The ACCC is also alleging that Google, by causing the Kloster Ford and Charlestown Toyota links to be published on its website, engaged in misleading and deceptive conduct in breach of section 52 of the Act.
Further, the ACCC is alleging that Google, by failing to adequately distinguish sponsored links from “organic” search results, has engaged and continues to engage in misleading and deceptive conduct in breach of section 52 of the Act.
It appears that the two car dealers referenced were involved with a company called Trading Post which offers listing services to car dealers. Trading Post bought Google AdWords keywords that contained the names of the referenced dealerships. This topic has come up a few times on some of the blogs that I read. I know that DealerRefresh wrote an entry about this topic and a discussion continued about the ethical concerns.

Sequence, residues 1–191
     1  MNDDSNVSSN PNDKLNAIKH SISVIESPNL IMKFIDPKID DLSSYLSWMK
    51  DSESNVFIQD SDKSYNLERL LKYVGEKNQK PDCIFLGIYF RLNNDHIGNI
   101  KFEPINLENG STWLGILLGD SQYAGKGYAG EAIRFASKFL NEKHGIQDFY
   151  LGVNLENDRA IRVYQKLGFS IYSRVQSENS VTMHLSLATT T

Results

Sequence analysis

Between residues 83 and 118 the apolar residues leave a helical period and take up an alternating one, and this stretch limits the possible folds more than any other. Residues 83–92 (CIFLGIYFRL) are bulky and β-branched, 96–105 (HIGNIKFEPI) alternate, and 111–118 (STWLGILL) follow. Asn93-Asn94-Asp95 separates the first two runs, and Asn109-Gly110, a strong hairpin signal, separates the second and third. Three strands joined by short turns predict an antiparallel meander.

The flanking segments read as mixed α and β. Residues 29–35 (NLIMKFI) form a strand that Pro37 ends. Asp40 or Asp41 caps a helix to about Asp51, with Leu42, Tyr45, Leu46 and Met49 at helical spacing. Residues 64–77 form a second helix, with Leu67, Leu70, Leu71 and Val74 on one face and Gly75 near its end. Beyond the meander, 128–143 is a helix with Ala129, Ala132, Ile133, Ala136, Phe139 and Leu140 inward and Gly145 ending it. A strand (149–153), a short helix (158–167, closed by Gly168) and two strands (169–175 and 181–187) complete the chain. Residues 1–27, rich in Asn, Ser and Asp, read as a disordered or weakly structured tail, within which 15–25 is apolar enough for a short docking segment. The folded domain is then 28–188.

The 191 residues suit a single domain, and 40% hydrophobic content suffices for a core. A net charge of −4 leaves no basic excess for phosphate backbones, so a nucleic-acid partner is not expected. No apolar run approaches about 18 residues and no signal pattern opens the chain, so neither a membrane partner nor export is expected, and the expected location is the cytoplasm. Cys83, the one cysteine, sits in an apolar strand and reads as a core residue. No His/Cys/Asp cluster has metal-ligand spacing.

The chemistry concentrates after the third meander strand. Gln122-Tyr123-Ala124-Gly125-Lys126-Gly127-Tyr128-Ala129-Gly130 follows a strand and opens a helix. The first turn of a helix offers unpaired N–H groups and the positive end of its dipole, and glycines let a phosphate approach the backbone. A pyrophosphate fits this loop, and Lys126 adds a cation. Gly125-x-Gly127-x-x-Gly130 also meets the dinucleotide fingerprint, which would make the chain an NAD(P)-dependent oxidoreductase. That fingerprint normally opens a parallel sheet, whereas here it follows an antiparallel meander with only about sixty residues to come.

This suit gets a little confusing, but it seems like the two dealers compete with Trading Post for automobile sales, but also list their vehicles on the Trading Post site. Trading Post actually has a listing page for one of the dealerships.
So it seems that Australia has some issues with a company bidding on keywords that contain business names (probably trademarked) and diverting a consumer that clicked on a paid listing to someone else's site. It will be interesting to see what happens to this case.
I think it will be virtually impossible for Google to monitor all of the advertising listings in AdWords. One of the benefits of AdWords is the simplicity and self-service nature of advertising. It is pretty simple for anyone to setup AdWords and run their own advertising campaign.